London: Has rapid human activity driven Earth into a new geological epoch? According to an international group of geoscientists, the evidence for a new geological epoch which marks the impact of human activity on Earth is now overwhelming.
The Anthropocene, which is argued to start in the mid-20th Century, is marked by the spread of materials such as aluminium, concrete, plastic, fly ash and fallout from nuclear testing across the planet.
It is coincident with elevated greenhouse gas emissions and unprecedented trans-global species invasions.
"Humans have long affected the environment, but recently there has been a rapid global spread of novel materials including aluminium, concrete and plastics, which are leaving their mark in sediments,” said Dr Colin Waters from the British Geological Survey.
Fossil-fuel combustion has dispersed fly ash particles worldwide, pretty well coincident with the peak distribution of the “bomb spike” of radionuclides generated by atmospheric testing of nuclear weapons.
"All of this shows that there is an underlying reality to the Anthropocene concept,” commented Jan Zalasiewicz from University of Leicester.
Is the Anthropocene world different from the stable Holocene Epoch of the last 11,700 years that allowed human civilisation to develop?
The Holocene Epoch has been a time during which human societies advanced by gradually domesticating the land to increase food production, built urban settlements and became proficient at developing the water, mineral and energy resources of the planet.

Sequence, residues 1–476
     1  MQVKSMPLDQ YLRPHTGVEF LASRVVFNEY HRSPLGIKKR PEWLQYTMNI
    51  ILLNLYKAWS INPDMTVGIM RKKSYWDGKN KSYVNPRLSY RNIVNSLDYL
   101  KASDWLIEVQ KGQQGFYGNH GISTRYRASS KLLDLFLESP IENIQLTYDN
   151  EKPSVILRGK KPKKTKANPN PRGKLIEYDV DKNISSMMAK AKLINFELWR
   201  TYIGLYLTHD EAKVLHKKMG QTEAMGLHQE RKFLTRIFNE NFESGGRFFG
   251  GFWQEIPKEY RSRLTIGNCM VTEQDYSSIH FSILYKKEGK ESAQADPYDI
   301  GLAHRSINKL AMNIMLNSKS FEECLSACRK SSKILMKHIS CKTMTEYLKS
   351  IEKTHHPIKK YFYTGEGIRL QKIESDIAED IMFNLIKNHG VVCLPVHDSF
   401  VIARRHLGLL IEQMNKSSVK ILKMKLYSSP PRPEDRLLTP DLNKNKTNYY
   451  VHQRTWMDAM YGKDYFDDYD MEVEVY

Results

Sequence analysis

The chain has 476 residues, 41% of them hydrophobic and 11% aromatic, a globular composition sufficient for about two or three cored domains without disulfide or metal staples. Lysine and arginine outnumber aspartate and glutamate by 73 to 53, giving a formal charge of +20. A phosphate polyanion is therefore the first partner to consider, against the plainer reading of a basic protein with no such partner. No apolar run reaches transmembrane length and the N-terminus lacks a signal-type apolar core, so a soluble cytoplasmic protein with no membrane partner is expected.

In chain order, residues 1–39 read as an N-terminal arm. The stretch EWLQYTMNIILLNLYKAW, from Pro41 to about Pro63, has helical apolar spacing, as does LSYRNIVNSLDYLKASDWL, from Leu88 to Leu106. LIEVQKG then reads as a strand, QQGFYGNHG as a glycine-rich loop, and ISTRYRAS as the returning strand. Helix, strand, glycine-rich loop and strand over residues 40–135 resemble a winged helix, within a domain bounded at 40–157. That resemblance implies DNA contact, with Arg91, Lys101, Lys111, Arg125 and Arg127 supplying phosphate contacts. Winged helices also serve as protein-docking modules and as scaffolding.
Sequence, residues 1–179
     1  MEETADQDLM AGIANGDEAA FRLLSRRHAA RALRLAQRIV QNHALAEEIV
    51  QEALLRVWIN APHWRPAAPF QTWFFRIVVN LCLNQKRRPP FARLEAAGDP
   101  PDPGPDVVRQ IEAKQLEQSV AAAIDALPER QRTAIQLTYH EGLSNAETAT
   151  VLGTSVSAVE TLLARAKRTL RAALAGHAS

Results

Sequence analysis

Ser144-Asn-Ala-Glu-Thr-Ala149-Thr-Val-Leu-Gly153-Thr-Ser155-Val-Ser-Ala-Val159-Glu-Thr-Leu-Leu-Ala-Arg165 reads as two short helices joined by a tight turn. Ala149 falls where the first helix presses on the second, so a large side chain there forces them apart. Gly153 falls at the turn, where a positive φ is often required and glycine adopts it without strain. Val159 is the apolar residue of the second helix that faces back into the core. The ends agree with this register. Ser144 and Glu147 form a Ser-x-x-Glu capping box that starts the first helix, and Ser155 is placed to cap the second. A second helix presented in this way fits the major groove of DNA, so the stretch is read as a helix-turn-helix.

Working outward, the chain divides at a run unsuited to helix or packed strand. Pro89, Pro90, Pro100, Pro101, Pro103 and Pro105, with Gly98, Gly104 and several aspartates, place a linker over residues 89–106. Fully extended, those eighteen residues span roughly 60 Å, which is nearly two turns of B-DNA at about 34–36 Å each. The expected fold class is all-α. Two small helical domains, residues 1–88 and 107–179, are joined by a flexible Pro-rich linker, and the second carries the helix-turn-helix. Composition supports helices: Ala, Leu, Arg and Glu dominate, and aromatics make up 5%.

The proposed Anthropocene Epoch, however, is marked as a time of rapid environmental change brought on by the impact of a surge in human population and increased consumption during the “Great Acceleration” of the mid-20th century.
The study, co-authored by 24 members of the Anthropocene Working Group, shows that humans have changed the Earth system sufficiently to produce a range of signals in sediments and ice.
These are sufficiently distinctive to justify recognition of an Anthropocene Epoch in the Geological Time Scale.
This year, the Anthropocene Working Group will gather more evidence on the Anthropocene, which will help inform recommendations on whether this new time unit should be formalised and, if so, how it might be defined and characterised.